Quite simply, Phelps is a celebrity.  He has hosted Saturday Night Live, appeared on HBO’s Entourage and has Lebron James’ number in his cell phone.  In Beijing, the Water Cube was the place to be.  Former President of the United States George W. Bush appeared at finals along with the First Lady.  Over the course of the competition, many athletes from other sports showed up at the pool as well, most notably Kobe Bryant and others from the US Basketball and NBA fame.  And with all due respect to the Kosuke Kitajima’s and Stephanie Rice’s of the world, they were there to only watch one man. 


Perhaps to somehow increase his immeasurable talent, Phelps has taken it upon himself to expand his event repertoire.  He has (at least for the meantime) dropped the 400 IM to focus more on the backstroke disciplines and the shorter freestyle sprints.  At the Santa Clara Grand Prix, Canada’s Brent Hayden was recently quoted after besting Phelps in the 100-metre freestyle, “It’s great to have that speed at this point in the season and anytime you beat Michael Phelps it’s icing on the cake. He is such a great competitor and to race against him is an honour.”


Again, this was Hayden, the reigning World Champion in this event, against a man who is just beginning to dabble in it.  The amount of respect that Phelps has earned and demands is remarkable, even in events that are not his specialty.


Of course the black eye on Phelps’ otherwise spotless career would be the DUI arrest in 2004 and the now infamous ‘bong incident’ after the ’08 Games.  And I don’t mean at all to downplay the severity of these acts but the fact that a swimmer made the news for anything other than swimming is both uncommon and remarkable.  This past June, American network ESPN sent reporters to cover and give live updates on Phelps’ events at the Charlotte Ultra Swim in North Carolina.  Everything Phelps does now is breaking news, and his personal goal of putting swimming on the North American map is slowly but surely becoming a reality.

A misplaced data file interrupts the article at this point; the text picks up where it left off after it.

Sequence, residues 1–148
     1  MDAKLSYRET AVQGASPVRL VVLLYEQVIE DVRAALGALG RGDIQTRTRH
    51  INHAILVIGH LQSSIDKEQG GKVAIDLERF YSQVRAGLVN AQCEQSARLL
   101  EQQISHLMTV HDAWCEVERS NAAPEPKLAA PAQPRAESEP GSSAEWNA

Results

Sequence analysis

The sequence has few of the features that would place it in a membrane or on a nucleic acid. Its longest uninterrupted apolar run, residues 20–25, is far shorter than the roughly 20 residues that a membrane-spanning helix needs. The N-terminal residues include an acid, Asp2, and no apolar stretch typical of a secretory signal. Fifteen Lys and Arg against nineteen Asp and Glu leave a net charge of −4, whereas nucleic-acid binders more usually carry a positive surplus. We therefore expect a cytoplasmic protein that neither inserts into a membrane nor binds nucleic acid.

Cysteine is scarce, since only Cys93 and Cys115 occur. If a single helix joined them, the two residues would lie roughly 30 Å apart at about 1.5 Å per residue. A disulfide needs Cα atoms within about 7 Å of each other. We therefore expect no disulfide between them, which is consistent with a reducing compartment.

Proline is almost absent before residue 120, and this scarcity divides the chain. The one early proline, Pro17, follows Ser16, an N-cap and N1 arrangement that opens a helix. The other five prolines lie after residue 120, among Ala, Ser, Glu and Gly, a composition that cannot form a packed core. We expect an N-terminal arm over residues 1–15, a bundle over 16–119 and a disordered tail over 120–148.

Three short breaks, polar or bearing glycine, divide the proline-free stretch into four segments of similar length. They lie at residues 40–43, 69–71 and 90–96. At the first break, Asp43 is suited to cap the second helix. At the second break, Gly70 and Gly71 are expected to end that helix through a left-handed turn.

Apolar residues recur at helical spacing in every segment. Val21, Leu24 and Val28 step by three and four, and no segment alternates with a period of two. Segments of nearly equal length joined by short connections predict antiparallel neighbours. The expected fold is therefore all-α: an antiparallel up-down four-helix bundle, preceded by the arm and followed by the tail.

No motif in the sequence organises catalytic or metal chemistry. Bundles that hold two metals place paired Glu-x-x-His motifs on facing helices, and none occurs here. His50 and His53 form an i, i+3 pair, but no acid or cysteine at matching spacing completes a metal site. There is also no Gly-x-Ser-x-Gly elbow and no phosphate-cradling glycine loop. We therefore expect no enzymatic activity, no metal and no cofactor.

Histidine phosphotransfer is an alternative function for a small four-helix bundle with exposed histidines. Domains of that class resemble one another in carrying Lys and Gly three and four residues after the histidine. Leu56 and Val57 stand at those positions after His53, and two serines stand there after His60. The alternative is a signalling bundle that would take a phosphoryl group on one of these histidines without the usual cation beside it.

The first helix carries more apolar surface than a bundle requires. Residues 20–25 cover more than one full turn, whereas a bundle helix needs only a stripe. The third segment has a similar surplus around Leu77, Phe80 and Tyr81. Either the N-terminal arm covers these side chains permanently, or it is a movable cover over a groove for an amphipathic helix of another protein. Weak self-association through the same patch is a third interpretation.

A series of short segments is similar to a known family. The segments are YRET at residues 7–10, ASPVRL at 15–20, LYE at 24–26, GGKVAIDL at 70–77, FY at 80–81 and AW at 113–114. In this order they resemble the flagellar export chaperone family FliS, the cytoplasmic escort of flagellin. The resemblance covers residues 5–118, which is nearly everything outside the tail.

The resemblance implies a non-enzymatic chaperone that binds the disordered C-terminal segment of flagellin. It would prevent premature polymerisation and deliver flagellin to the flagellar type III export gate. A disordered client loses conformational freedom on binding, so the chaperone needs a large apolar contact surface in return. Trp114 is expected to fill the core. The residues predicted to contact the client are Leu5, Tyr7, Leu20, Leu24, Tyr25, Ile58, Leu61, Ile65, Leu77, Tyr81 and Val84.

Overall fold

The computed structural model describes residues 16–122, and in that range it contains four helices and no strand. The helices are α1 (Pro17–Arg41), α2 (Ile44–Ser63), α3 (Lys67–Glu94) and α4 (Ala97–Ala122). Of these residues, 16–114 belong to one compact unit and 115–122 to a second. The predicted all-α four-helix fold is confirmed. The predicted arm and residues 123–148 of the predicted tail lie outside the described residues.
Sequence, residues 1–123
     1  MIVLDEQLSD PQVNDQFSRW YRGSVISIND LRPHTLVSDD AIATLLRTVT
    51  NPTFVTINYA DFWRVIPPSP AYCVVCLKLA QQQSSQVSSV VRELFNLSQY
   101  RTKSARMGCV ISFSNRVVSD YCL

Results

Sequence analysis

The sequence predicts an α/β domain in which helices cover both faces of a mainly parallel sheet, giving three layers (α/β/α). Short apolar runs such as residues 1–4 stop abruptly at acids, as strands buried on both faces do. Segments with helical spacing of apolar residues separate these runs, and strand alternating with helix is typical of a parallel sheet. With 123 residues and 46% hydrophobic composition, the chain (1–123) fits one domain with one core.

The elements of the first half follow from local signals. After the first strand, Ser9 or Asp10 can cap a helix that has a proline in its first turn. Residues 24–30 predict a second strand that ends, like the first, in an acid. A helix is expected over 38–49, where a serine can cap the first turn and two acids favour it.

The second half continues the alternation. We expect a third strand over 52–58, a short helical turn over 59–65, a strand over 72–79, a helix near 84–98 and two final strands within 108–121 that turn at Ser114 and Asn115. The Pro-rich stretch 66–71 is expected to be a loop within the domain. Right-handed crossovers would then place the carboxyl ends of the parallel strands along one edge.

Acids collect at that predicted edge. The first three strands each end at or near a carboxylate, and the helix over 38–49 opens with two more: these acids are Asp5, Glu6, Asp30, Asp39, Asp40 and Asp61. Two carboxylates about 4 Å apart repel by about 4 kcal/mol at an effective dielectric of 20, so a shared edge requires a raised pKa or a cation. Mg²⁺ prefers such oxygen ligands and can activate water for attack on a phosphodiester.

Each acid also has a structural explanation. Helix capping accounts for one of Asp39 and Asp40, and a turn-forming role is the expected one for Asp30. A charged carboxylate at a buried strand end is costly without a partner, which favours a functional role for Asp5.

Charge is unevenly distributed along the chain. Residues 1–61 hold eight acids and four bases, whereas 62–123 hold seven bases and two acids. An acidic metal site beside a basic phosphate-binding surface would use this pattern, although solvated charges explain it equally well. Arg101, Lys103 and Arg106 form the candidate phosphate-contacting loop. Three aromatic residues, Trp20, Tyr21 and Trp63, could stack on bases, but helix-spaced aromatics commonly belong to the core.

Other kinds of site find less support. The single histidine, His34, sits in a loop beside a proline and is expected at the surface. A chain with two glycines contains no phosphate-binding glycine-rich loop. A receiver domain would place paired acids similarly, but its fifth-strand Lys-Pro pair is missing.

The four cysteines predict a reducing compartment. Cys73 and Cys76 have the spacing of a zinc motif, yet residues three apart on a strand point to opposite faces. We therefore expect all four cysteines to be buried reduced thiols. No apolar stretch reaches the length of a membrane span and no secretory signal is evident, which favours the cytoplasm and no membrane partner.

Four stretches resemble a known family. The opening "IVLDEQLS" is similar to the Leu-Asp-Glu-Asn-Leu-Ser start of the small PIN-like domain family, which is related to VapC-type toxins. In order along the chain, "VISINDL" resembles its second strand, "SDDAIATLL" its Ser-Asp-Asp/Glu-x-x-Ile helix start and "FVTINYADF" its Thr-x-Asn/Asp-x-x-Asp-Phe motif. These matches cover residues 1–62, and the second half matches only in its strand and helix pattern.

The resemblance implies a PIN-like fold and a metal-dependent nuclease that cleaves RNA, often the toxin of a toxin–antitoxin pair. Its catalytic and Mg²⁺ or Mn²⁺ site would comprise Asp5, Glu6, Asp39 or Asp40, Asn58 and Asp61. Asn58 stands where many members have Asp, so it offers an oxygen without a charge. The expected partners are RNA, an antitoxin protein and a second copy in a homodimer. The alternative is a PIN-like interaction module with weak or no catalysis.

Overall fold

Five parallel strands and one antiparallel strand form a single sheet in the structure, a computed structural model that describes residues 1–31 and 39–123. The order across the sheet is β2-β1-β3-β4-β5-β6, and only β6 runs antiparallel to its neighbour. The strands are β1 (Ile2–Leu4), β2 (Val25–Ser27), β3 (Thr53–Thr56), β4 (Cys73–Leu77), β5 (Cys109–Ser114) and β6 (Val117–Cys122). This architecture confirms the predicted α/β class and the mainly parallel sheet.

In a world of ‘what have you done for me lately?’ Phelps continues to deliver time and time again.  At the time of print for this article, he barely missed American Ian Crocker’s world mark in the 100-metre butterfly while competing at the aforementioned Quebec Cup in Montreal, touching just 8 one hundredths shy of 50.40; Crocker’s standard that has stood since the 2005 World Championships, also in Montreal.  Phelps did this all while sporting full facial hair and in the middle of season, as he just recently returned from three weeks of altitude training in Colorado Springs. 


Roger Federer and Tiger Woods will continue to win tournaments and major titles and will most likely go down as the greatest ever in their respective sports.  But while they chase and look up, Phelps has maintained his spot on top of swimming’s hierarchy and can only look at himself for competition.  In a world where we search for the next Michael Jordan and Wayne Gretzky, perhaps the question should be, will we ever see another Michael Phelps?